To some people, Instagram is all about breakfasts and selfies in swimsuits. But if you go against the logic of the medium like Teju Cole does, you can make images and texts collide. A photographer and an author, Cole has written extensively on literature, photography, social media, and travelling. His essays are now finally published as a book: „Known and Strange Things“. We talked to the American-Nigerian writer, critic and photographer about extinct animals, the art of vernacular images and about his social media use.
More than 250 000 people follow you on Twitter, and you have used it as a creative outlet. It’s been two years now since you have stopped tweeting. Why?
There was a strong sense of having done a lot of interesting work there – interesting to me and interesting to some people. Twitter has been a tremendous creative space for me, and it got some attention. That was when I did the project with people’s photographs, „The Time of the Game“ around the world cup. For me it brought together so many of my creative concerns: having to do with photography, thinking about a conceptual gesture, thinking about public space, folding it into public time. That seemed like a good time to end my Twitter presence. I did not want people to say: „Remember when Teju used to be good at Twitter.“ There was the idea of quitting when I was ahead. There was a need to move on. Instagram has then been very productive for me. I’ve done quite a lot of work there, and I wouldn’t have been able to do that if I just stayed on Twitter. I’ve also done a lot of work outside of social media. It would have been harder to be as productive with my essay writing in the past two years.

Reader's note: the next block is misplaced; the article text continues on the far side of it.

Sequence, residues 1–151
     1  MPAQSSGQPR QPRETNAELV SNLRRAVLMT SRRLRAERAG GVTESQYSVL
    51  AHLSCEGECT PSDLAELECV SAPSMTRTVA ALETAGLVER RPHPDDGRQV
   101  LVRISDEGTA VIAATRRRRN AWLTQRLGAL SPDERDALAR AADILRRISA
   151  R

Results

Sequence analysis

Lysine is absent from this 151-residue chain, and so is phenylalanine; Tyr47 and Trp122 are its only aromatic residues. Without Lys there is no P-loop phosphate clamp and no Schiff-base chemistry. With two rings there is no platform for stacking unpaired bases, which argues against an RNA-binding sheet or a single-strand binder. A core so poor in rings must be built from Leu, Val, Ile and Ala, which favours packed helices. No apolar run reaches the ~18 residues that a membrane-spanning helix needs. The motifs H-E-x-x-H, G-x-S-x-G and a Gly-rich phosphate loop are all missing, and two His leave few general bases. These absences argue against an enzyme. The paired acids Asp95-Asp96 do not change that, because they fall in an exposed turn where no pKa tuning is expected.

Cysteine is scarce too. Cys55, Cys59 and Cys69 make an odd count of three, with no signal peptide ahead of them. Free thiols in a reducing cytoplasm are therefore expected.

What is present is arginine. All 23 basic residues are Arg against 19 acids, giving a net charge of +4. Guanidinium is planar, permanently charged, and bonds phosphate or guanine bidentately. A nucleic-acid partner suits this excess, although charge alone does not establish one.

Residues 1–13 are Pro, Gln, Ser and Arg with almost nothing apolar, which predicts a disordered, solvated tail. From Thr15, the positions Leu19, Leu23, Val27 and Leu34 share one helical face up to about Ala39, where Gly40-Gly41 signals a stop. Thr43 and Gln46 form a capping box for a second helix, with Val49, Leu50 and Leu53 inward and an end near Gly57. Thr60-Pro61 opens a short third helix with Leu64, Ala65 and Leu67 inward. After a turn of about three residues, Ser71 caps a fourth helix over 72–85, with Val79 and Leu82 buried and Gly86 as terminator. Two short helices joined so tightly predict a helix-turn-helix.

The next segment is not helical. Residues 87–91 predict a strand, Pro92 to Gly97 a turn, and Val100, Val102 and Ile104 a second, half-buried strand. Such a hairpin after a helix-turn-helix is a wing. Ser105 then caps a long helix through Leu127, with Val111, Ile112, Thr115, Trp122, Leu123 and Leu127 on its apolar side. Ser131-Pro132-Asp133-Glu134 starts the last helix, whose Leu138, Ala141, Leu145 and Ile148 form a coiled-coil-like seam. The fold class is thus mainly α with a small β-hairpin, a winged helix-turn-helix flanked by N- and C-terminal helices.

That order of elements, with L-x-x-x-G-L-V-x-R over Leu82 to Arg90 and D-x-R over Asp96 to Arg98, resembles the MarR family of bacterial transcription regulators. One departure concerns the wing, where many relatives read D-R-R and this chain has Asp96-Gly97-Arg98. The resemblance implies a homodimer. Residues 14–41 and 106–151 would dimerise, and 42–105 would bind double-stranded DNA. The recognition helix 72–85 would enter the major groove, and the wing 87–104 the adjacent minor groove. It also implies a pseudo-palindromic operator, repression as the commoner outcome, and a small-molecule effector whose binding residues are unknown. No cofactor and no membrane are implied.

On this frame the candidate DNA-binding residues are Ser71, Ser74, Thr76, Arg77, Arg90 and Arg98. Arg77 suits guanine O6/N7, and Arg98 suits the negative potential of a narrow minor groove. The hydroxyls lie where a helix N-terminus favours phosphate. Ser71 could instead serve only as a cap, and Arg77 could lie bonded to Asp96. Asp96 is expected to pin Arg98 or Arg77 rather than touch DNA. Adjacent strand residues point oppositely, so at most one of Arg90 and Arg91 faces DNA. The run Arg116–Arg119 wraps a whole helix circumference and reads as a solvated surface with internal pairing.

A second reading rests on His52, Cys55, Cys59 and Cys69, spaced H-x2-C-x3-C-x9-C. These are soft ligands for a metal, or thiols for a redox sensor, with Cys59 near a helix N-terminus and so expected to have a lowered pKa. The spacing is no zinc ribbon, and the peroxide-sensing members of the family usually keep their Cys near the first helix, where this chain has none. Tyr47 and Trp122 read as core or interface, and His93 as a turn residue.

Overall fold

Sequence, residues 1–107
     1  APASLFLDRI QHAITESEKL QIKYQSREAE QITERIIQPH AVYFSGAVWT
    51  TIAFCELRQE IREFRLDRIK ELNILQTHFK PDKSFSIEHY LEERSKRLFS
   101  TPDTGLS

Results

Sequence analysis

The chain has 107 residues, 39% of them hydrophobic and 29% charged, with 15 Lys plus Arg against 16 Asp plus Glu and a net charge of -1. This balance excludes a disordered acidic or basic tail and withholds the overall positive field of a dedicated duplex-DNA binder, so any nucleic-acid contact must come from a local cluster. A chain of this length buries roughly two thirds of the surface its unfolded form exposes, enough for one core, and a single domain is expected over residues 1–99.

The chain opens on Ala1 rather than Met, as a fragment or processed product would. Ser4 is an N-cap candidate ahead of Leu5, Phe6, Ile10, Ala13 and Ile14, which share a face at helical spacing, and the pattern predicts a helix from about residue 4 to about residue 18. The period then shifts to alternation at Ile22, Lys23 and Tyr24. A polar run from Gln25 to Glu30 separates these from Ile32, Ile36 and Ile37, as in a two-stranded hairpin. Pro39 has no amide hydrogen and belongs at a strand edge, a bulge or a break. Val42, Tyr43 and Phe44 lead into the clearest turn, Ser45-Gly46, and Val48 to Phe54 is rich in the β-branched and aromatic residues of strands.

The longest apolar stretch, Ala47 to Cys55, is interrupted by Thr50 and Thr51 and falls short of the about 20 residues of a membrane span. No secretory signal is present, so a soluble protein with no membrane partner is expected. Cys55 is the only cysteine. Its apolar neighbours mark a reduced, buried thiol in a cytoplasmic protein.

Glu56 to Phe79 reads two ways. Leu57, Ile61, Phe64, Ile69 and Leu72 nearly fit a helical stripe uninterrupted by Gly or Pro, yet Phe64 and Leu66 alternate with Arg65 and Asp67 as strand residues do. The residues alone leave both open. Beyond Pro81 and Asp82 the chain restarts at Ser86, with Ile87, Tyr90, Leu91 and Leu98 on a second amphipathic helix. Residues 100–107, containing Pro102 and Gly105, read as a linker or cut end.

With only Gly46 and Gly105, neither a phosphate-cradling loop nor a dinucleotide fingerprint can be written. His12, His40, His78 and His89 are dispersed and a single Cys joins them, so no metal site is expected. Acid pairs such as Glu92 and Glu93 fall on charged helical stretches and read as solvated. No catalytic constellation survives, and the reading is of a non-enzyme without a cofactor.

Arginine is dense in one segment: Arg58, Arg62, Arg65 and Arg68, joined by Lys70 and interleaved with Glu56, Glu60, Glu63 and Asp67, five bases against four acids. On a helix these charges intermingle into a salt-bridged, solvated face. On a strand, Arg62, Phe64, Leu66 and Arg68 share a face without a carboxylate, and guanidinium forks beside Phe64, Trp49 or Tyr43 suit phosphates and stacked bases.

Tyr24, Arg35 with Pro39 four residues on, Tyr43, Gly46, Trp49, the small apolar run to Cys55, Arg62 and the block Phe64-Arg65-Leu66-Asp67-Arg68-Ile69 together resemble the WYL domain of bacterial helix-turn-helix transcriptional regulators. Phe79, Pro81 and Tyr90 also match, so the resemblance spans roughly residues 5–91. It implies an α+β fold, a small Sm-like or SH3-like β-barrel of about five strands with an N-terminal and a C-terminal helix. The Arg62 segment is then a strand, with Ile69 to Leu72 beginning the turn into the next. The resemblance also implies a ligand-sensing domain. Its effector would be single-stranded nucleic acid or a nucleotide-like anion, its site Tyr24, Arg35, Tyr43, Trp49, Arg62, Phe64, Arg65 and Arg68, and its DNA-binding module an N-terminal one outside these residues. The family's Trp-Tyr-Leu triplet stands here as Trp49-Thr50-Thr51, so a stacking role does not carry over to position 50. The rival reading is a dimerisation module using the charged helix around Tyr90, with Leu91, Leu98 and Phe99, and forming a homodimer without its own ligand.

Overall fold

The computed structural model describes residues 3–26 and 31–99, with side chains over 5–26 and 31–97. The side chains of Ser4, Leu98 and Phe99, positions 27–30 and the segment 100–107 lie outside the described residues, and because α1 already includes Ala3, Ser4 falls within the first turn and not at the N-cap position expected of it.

Do you never even check Twitter?
I do check it, like a newspaper. It can be a good place for breaking news. Although I have a lot of doubts about this because I don’t know if we really need breaking news. Whenever something happens you will hear „There are multiple shooters!“ And it turns out that there are never multiple shooters. This year particularly, using Twitter as a news-source, has become a large contributor to global panic – on top of everything else that is happening. But it’s part of the discursive landscape and definitely has its value.
In your essays on photography, Instagram is very present, and you post a lot there. Although you weren’t too interested in it after quitting Twitter. When and why have you started using it?